November Roundup: News, Events, Reviews

November was quite a month here at LSU Press! Visitations by Lee Upton was a finalist in the short story category of the American Book Fest’s Best Book Awards. A poem from Ed Falco’s new book was featured on Poem-a-Day. Samuel C. Hyde wrote an article for the Washington Post. Brannon Costello, Lisa Hinrichsen, Gina Caison, and Stephanie Rountree, and Sally Van Doren wrote fantastic posts for the LSU Press Blog. And we published new books by Bryan Giemza and Maria Hebert-Leiter, Peter O’Connor, Lisa Hinrichsen, Gina Caison, and Stephanie Rountree, Susannah J. Ural, Kristen Brill, David R. Slavitt, and James Applewhite.

Below you’ll find a list of our December titles, upcoming events with our authors, and some recent publicity and reviews of our books. If you want to keep up with the press in real time, follow us on TwitterInstagram, and Facebook!

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Selected Publicity and Praise

 Promise: Poems by Sally Van Doren

“St. Louisan Sally Van Doren’s third collection Promise features smart poems that bring a cheeky edge to the theme of domestic bliss. By-and-large tender poems of praise for familial love, they accomplish this celebration by telling the truth about it, dirty laundry included.”—Saint Louis Post-Dispatch

Voodoo and Power in New Orleans: The Politics of Religion in New Orleans, 1881-1940 by Kodi A. Roberts

“His careful study contributes to on-going scholarly efforts to better situate African diasporic religions within their immediate social settings and in the context of practitioners’ everyday struggles and desires.”—Nova Religio

Maintaining Segregation: Children and Racial Instruction in the South, 1920-1955 by LeeAnn G. Reynolds

“This ambitious study sheds light on how Jane and Jim Crow circumstances conditioned the South’s black and white younger inhabitants to manage racial inequality in the decades preceding the Civil Rights Movement. . . . The author displays an excellent familiarity with existing scholarly literature, and her arguments are cogent. . . . the narrative reads well, is engaging, and adds depth to the current understanding of a complex place and time.”—CHOICE

Civil War Logistics: A Study of Military Transportation by Earl J. Hess

“In Hess’s study one can find both a sound survey history of Civil War military transportation and a revealing quantitative analysis leading readers to the inescapable conclusion that the Union logistical network outperformed its foe’s in every possible way. Civil War Logistics is highly recommended.”—Civil War Books and Authors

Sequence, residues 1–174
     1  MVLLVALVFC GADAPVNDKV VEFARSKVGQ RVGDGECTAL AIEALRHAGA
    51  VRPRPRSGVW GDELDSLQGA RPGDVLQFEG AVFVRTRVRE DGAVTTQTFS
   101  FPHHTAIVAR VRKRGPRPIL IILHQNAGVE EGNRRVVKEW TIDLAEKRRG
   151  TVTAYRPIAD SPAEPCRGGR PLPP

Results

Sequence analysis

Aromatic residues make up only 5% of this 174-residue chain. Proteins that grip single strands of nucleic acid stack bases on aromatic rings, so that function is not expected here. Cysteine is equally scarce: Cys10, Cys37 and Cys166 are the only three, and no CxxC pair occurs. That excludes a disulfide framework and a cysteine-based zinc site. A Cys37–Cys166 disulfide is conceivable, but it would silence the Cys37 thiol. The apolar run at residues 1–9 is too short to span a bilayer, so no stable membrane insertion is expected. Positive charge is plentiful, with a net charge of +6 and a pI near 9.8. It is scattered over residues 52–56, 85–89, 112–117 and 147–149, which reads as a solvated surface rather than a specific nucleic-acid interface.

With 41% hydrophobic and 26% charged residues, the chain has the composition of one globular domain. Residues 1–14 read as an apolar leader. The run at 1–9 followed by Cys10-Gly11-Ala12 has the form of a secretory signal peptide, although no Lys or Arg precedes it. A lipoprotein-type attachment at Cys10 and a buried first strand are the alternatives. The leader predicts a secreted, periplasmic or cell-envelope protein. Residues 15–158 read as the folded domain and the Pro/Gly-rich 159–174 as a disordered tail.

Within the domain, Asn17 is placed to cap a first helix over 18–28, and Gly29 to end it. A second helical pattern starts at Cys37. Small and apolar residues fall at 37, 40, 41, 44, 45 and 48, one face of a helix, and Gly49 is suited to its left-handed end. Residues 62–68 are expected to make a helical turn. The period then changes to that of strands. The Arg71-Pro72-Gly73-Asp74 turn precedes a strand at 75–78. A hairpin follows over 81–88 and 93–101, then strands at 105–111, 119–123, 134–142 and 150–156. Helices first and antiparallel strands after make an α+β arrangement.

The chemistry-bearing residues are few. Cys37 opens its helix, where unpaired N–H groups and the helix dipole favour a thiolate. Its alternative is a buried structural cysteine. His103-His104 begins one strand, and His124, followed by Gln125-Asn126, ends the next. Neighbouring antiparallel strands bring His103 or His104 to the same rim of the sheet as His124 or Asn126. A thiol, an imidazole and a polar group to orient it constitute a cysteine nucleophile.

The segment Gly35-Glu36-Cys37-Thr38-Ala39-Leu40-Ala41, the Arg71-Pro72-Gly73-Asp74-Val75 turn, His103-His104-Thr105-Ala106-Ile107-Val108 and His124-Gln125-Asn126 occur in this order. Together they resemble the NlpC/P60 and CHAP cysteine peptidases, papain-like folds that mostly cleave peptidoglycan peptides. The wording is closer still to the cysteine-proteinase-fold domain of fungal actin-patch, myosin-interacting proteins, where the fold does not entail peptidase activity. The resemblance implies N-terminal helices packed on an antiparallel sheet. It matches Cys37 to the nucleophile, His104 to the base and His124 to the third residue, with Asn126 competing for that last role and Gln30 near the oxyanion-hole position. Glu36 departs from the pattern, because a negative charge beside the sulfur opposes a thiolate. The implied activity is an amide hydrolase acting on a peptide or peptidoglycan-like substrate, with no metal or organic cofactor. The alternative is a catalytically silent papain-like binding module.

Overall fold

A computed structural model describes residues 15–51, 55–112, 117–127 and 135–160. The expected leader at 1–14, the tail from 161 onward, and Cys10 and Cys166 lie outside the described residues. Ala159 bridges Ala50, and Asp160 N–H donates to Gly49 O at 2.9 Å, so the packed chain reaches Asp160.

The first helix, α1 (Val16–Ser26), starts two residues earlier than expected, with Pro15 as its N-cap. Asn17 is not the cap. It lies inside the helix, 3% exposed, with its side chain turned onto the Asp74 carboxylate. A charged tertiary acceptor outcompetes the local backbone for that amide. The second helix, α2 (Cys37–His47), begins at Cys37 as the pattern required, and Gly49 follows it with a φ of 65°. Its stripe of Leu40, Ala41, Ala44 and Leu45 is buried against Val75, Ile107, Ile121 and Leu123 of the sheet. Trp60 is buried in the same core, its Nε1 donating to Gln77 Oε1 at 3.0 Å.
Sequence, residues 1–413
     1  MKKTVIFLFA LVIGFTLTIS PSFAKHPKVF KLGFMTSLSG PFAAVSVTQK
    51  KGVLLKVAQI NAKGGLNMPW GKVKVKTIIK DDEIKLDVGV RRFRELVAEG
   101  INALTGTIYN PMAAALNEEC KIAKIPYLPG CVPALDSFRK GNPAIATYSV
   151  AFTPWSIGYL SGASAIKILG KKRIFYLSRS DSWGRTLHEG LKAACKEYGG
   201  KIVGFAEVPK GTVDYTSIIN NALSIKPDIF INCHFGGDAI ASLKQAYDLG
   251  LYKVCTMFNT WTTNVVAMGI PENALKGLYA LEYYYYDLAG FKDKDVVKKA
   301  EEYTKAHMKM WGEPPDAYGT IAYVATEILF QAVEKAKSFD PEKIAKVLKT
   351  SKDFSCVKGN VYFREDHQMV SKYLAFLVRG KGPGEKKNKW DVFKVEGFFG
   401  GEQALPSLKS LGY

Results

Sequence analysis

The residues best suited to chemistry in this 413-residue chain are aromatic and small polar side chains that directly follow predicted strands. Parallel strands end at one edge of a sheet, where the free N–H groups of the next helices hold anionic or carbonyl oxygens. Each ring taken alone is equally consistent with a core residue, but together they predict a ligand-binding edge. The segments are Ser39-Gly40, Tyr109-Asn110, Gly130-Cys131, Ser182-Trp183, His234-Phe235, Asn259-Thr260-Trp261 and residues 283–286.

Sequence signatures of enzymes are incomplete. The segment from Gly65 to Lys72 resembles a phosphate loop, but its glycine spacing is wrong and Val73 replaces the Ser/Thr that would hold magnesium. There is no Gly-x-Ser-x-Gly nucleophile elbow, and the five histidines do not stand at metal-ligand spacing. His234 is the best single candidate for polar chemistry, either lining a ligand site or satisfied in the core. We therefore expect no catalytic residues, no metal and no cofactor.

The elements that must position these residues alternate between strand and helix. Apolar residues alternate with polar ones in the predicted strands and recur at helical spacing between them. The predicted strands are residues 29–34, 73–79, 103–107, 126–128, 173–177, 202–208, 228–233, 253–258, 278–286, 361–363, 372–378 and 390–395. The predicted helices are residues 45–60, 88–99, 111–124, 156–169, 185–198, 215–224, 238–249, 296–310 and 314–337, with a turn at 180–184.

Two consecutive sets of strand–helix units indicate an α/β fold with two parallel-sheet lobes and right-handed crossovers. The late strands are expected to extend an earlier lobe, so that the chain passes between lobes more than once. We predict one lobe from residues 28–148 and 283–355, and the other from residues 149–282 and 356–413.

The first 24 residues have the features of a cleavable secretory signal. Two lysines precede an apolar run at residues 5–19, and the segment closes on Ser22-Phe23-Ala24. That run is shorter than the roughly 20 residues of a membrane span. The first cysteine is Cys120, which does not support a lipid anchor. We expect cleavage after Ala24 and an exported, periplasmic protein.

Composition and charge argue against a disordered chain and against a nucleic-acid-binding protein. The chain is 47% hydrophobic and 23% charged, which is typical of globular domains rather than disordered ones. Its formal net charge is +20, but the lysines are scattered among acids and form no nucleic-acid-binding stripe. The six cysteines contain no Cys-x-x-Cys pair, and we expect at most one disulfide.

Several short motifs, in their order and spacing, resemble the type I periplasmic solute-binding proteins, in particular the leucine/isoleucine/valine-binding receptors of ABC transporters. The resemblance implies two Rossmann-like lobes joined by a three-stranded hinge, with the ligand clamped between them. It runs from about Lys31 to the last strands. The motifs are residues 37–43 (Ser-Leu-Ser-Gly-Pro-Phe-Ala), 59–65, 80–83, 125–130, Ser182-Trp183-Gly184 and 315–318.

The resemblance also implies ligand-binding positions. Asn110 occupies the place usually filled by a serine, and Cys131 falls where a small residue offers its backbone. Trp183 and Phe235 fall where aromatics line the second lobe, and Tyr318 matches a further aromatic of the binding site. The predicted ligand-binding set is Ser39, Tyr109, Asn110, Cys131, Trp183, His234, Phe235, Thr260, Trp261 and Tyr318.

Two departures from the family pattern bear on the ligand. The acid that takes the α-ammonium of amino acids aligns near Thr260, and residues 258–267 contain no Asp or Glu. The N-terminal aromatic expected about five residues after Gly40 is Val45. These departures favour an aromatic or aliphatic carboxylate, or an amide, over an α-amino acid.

Cityscapes of New Orleans by Richard Campanella

“Anyone with a library of books on New Orleans will want this one. And unlike some other reference books, Campanella’s is destined to be one that comes off the shelf over and over again.”—New Orleans Advocate

Remembering Reconstruction: Struggles Over the Meaning of America’s Most Turbulent Era edited by Carole Emberton and Bruce E. Baker

“Taken together, these deeply researched and cogently written essays comprise a kind of magic lantern that illuminates how many of today’s contentious social issues, like equality before the law, concepts of race, and rights of citizenship, were born during those tumultuous years.”—America’s Civil War

The Army of the Potomac in the Overland & Petersburg Campaigns by Steven E. Sodergren

“This is a solid, major contribution to our understanding of why men fought and how they were affected by and adapted to changing wartime conditions.”—NYMAS Review

The Secret Life of Bacon Tait a White Slave Trader Married to a Free Woman of Color by Hank Trent.

“Trent excels in re-creating the world of antebellum fortune-hunters like Tait. Lynchburg and the Richmond slave trade are diligently explored. A reader curious for more details as to how the trade worked (especially in terms of the operation of slave jails or “pens”) will find this small book an excellent resource. Trent makes it easy to imagine a grimy place of petty cruelties and vast injustices, where virtually every interaction possible within the boundaries of the peculiar institution might be found, all within a city block.”—Civil War News

Stepdaughters of History: Southern Women and the American Civil War by Catherine Clinton

“Clinton reminds us of the significant work that has been done as well as the significant work that remains to be done in original research, textbook publications, and college lectures. Those invited to give Fleming Lectures are known for their bold and original scholarship, and Catherine Clinton is no exception.”—Journal of Southern History

John Pendleton Kennedy: Early American Novelist, Whig Statesman, and Ardent Nationalist by Andrew R. Black

“Andrew R. Black has deftly taken the memory of a man who has lain dormant in Baltimore’s Green Mount Cemetery since 1870 and has breathed new life into Kennedy’s legacy as an important American literary and political figure.”—Journal of Southern History

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